Film Review: Symphony of the Soil

A dry lecture on soil science becomes slightly more palatable on shifting to lecturing about chemical-free farming. For truly dedicated organic agronomists only.
Reviews

If there is one insight that Deborah Koons Garcia’s ponderous yet eager documentary Symphony of the Soil wants viewers to come away with, it seems to be this: Soil is not just dirt. This is a fair distinction to make, and one that most humans trotting about their daily business are likely unaware of. Dirt is sometimes just that: a crumbly accumulation of clods and dust that blows away in a slight breeze. Soil is an interconnected organism, like a thick, living rug of roots, mulch and organisms. The richness of soil’s life-giving properties is amply demonstrated time and again by the earnest Ph.D.s whom Koons Garcia has gathered here. For the first half-hour or so of her lamentably dry if beautifully shot film, they yammer excitedly at the camera and thrust their hands into the loamy turf, holding it up for the appreciation of the rare viewer who will be thrilled by this kind of thing.

Just like the biological phenomena it describes, Koons Garcia’s film has a lot going on under its surface. There’s a glowing appreciation for the rarity and value of truly fertile soil, what one scientist calls “this living crust,” which is spread so thinly and rarely across the planet’s mostly rocky terrain. Like many of the better nature-oriented nonfiction films, it tries to make viewers look again at what they take for granted, to make them understand that the incredible fecundity that has so far supported the human race on Earth is by no means a given.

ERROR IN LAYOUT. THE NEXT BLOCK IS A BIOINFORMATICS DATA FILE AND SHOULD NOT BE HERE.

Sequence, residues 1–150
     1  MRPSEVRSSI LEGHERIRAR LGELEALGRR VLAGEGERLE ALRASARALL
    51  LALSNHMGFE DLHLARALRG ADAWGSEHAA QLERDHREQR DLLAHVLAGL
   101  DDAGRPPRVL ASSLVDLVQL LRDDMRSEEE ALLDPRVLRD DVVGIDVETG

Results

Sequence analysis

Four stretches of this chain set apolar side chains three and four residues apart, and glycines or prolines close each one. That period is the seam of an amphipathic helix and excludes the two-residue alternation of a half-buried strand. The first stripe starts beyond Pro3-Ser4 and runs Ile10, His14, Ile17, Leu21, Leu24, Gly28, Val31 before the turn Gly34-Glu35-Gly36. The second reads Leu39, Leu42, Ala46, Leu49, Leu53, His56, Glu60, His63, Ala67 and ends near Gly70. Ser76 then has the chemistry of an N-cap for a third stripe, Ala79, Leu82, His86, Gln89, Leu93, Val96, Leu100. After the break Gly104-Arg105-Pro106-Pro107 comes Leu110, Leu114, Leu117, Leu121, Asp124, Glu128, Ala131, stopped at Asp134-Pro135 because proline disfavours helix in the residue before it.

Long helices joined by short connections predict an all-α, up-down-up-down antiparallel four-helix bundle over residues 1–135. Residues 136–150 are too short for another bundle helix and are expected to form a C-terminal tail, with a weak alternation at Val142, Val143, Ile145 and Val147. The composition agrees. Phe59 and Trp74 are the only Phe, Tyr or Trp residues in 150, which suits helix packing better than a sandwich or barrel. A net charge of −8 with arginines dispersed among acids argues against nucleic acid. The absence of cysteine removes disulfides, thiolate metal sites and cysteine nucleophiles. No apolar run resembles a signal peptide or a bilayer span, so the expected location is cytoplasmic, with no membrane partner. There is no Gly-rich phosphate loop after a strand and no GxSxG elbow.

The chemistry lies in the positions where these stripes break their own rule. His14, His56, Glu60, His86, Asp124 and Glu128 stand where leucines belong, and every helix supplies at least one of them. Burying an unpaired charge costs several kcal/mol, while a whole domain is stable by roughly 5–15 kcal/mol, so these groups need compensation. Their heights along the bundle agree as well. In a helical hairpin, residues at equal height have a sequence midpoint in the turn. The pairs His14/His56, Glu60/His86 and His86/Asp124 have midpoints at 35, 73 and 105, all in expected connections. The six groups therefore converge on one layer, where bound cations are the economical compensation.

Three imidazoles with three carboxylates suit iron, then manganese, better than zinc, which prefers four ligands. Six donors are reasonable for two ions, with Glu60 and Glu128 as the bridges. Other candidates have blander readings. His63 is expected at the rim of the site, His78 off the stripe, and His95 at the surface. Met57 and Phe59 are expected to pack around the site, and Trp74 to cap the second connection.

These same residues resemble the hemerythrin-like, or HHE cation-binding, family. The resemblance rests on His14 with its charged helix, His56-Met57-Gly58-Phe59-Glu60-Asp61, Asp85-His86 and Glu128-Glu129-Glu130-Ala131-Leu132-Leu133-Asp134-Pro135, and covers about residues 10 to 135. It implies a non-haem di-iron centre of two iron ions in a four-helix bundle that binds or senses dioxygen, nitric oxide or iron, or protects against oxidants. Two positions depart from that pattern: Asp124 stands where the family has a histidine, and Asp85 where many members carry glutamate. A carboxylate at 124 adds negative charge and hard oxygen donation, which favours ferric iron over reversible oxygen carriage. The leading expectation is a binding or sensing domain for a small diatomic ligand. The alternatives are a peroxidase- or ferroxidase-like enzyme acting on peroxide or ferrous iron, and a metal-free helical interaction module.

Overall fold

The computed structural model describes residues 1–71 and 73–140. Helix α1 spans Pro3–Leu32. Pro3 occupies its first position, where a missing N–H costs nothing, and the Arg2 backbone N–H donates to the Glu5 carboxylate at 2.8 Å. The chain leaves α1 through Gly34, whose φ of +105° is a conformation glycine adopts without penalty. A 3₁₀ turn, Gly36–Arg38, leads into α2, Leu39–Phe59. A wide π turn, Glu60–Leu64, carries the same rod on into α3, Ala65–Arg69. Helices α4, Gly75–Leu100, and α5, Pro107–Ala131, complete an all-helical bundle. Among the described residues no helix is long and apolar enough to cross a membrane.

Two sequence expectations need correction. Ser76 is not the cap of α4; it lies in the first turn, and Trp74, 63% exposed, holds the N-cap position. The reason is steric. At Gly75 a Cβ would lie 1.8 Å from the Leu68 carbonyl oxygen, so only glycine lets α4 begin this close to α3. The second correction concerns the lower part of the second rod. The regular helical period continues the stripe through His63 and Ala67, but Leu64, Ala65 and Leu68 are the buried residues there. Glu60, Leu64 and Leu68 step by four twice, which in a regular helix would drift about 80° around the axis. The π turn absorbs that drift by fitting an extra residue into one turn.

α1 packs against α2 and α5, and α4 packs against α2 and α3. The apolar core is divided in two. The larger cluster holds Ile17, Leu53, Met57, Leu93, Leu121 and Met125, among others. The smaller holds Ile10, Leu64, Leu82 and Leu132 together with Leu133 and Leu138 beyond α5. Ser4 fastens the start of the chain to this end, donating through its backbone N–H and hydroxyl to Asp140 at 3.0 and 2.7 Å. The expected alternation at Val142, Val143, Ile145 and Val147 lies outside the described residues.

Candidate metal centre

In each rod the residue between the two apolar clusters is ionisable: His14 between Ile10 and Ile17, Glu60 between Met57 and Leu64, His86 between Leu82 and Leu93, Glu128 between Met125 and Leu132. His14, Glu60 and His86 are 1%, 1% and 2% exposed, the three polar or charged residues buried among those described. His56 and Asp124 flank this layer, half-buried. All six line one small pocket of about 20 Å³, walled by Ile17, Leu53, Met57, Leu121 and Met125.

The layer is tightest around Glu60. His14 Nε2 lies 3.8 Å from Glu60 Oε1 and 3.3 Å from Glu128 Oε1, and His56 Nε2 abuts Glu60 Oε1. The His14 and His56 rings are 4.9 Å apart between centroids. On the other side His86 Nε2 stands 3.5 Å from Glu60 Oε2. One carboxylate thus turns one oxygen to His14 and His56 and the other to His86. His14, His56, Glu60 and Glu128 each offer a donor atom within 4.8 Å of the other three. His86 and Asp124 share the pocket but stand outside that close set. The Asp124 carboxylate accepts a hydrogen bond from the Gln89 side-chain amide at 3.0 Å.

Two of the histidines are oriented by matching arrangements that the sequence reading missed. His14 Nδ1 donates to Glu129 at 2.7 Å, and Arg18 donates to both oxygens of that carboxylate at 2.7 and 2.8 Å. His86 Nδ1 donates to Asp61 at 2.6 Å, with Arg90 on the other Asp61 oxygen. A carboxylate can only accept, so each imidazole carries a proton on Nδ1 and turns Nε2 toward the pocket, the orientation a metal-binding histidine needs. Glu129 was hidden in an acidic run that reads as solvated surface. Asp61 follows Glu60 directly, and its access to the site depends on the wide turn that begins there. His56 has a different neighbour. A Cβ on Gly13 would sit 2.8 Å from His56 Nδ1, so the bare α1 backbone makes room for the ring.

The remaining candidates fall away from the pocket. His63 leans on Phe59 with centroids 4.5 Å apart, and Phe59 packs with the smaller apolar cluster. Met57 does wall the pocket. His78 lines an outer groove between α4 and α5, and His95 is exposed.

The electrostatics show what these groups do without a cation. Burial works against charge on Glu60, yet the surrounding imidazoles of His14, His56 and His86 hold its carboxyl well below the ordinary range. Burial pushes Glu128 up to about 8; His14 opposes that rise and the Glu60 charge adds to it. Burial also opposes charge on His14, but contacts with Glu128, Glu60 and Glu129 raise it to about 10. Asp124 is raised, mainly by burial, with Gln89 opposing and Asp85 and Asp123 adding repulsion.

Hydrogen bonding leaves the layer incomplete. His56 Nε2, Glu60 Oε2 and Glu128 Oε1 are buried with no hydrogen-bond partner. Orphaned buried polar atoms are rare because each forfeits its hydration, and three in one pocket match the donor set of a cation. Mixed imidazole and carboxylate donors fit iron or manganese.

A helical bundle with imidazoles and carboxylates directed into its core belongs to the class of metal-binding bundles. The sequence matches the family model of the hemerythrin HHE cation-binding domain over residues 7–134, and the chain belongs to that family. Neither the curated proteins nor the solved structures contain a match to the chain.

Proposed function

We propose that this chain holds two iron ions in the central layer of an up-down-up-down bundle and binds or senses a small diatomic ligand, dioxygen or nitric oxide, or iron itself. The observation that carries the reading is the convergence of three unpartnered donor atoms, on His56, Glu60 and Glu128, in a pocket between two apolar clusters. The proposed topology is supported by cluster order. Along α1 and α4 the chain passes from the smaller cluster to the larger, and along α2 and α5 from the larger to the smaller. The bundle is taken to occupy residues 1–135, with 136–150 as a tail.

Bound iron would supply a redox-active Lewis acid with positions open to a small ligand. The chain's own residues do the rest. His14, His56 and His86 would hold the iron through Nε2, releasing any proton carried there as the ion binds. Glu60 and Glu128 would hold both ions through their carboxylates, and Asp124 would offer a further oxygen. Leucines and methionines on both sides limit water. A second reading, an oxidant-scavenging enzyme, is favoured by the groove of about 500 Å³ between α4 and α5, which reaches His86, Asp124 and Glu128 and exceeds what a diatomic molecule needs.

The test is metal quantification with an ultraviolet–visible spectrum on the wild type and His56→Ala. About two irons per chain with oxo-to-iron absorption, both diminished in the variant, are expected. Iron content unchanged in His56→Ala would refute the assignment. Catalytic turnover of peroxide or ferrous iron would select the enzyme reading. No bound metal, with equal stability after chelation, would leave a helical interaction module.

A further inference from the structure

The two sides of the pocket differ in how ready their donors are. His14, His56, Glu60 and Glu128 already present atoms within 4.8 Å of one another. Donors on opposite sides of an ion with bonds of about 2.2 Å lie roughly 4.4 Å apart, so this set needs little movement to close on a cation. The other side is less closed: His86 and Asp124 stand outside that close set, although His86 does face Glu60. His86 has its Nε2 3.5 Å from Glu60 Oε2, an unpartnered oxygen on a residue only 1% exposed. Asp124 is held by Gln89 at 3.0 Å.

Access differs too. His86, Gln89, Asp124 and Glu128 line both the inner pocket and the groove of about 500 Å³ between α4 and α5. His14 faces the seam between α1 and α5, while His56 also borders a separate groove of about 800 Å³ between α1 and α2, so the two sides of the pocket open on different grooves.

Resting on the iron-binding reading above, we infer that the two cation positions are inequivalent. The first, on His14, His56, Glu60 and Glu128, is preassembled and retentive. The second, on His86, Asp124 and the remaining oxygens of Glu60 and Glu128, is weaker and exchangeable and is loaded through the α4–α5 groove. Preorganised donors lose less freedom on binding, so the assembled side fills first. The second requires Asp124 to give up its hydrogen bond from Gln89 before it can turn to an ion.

The earlier parts of Symphony of the Soil are particularly rough going. With little variance from one voice to the next, the director presents her excellently qualified scientists holding forth on, in essence, the awesomeness and complexities of soil. A few of these repetitive declamations go a very long way, no matter how much Koons Garcia tricks them out with watercolor animations or “Nova”-esque time-lapse photography.

Later on, Koons Garcia pivots to a more editorial standpoint. The earlier material about soil was just the groundwork, as it were, for an editorial on the superiority of organic farming over the current preferred method of pesticides and fertilizers which dump too much nitrogen into the ground. Not only is this kind of massive, industrial, chemical-based farming a “deadly cocktail” that’s overly expensive and ruins the soil, the film argues, it doesn’t even produce more food in the long run. A few clips of the Dust Bowl from the past and modern-day Africa make the point.

Rapturous visuals aside, the film is too lacking in artistry to even approach a symphonic view of its subject. Soil is indeed the “interface between biology and geology,” as Dr. Michael Hansen from the Consumers Union puts it. This is an excellent insight. What Koons Garcia hasn’t managed to do is take that insight and turn it into something more than a photographed lecture.